What do you want for your birthday this year?
Let me see. How about a deep-sea fishing trip for blue marlin off the coast of Hawaii?
Sometimes you get what you ask for.
On November 30, my – uhm – 39th birthday, I went fishing out of Kona, Hawaii, the Blue Marlin Capitol of the World. Nancy had arranged my special trip through Norwegian and I joined 2 couples from Montreal aboard a 45-foot Viking charter boat. We shoved off at 8 AM and had our lines in the water by 8:15. On the southwest side of the Big Island, jutting sharply into the Pacific, you don’t have to take a long boat ride to find the Gulf Stream. It’s all “Gulf Stream”, even a few hundred yards from shore. That’s because it’s always warm water here and the ocean bottom drops quickly to 1,000 feet, then 2,000, and then 3,000 feet. The steep ledges and abundance of baitfish off Kona draw billfish, tuna, Wahoo and Mahi and they are year-round residents.
My newfound friends and I exchanged pleasantries and decided which of the 5 rods would be manned by which fishermen. We then sat back and took in the natural beauty of Kona from the sea. From the boat’s deck you could see the coffee farms, fruit orchards and farmlands. Mauna Loa towered above it all, shrouded in smoke. It was stunning.
About 45 minutes into our trip, one of Shimano 130 reels screamed in terror as the line shot from the spool like Usain Bolt at the bark of the starting pistol. Hundreds of yards of line vanished from the reel before Sonia could strap herself in the fighting chair. To the port side, we first saw him, a massive display of silver and blue. The great fish thrashed in the surface, then sent water in every direction with three dramatic leaps in an effort to shake the hook. The hook set held, then the big blue marlin plunged to the bottom. The battle was on.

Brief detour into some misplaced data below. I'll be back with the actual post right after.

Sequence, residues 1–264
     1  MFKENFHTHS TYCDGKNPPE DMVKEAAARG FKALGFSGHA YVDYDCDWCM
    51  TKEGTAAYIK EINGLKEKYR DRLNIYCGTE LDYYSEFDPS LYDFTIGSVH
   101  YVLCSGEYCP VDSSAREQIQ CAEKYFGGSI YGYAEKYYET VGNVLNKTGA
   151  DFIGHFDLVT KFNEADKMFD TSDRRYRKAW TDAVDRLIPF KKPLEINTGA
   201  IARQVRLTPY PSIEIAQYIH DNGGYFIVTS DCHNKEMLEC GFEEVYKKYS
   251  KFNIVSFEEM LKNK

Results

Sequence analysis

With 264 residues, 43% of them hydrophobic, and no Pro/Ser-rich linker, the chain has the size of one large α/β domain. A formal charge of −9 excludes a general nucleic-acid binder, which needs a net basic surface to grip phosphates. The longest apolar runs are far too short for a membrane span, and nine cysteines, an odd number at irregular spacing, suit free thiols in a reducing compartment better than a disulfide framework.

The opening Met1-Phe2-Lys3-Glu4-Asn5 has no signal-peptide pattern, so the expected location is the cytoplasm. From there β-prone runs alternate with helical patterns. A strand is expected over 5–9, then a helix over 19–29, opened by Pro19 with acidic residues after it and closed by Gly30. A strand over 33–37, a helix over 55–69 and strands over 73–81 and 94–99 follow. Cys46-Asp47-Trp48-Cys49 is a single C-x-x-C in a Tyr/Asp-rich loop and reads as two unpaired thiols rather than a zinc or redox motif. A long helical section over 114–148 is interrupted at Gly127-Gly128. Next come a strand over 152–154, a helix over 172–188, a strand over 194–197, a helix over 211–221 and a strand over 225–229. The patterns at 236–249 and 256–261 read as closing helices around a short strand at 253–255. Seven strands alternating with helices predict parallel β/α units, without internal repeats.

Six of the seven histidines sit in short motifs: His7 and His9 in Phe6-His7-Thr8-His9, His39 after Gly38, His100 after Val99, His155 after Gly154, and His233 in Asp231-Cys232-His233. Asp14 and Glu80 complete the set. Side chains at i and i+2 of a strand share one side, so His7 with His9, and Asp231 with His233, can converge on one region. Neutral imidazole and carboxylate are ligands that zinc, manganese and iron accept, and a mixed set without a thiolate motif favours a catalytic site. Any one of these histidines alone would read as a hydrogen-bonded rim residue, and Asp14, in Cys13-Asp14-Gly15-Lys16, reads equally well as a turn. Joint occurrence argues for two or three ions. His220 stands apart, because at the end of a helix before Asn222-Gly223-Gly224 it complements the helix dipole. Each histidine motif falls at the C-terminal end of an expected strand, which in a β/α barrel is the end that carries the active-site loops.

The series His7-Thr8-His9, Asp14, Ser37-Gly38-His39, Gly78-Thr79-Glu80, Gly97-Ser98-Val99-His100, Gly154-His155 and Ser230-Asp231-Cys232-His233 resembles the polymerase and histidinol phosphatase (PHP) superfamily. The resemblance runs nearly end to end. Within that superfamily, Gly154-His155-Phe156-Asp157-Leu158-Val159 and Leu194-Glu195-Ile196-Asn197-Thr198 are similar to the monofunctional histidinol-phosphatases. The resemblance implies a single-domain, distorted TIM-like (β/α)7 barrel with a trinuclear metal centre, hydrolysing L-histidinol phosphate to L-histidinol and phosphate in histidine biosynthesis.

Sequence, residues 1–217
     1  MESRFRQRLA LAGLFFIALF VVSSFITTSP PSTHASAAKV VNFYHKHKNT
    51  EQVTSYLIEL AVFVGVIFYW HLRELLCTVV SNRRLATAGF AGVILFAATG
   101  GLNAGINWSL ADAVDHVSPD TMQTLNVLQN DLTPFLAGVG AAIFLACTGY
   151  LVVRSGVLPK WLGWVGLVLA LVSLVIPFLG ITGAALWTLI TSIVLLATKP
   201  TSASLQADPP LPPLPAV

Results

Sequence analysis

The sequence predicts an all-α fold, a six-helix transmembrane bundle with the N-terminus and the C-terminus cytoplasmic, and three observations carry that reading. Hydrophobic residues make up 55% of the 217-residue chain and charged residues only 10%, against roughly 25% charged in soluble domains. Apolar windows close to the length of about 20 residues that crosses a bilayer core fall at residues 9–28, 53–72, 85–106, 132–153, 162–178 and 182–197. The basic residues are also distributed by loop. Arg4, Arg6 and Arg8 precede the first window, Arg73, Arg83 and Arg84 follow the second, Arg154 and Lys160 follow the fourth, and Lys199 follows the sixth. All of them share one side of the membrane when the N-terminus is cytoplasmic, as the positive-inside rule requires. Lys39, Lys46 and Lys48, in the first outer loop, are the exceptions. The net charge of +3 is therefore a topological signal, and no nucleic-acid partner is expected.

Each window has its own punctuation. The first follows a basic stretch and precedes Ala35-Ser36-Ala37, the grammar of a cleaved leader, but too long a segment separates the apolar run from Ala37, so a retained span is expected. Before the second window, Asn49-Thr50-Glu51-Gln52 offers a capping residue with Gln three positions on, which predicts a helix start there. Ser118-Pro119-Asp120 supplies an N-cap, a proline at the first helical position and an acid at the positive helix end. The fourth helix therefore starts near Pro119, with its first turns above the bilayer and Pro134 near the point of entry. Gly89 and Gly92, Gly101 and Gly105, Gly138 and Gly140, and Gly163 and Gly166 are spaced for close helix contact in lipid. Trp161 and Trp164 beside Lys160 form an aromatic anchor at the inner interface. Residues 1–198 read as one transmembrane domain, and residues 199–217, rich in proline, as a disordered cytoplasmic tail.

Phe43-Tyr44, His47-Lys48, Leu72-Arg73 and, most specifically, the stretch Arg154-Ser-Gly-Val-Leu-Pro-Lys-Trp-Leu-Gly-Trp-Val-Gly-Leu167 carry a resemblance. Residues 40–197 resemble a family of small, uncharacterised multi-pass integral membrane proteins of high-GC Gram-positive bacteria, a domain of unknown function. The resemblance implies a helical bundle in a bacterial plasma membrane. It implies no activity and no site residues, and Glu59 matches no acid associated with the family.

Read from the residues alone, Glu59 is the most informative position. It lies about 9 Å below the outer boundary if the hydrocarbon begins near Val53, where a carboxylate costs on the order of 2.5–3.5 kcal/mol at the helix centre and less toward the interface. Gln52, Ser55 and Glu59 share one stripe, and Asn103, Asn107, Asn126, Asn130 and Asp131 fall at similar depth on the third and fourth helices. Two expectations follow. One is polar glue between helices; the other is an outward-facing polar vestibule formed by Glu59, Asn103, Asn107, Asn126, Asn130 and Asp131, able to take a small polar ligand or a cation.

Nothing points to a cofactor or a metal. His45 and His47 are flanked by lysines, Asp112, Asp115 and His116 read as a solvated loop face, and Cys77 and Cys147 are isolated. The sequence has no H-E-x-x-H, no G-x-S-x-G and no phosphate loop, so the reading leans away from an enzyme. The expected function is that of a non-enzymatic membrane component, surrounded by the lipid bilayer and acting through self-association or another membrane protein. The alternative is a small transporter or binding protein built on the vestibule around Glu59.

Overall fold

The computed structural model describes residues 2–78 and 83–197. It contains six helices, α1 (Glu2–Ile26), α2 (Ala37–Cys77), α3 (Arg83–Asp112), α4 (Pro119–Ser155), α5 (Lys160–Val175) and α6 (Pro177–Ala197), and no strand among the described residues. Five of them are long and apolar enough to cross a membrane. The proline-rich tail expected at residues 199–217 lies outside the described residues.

Sonia tired quickly in the all-out war of attrition and relinquished her seat in the fighting chair. It was now a team effort. Five fishermen, a captain and mate and a pair of 250 hp Yamaha motors against one 350-pound blue marlin. It was a pretty even match.
Foot by foot, inch by inch, the stolen line was returned to the spool, the mate snagged to leader and guided the 10-foot fish to the side of the boat. The captain carefully grabbed the fish’s bill, dislodged the hook, and set the tired warrior free. Our valiant foe sank slowly from view and back to his native waters,
Thanks, Mr. Blue Marlin, for a birthday to remember. Next time, leave those gaudy lures chugging in the surface alone, and I think he will.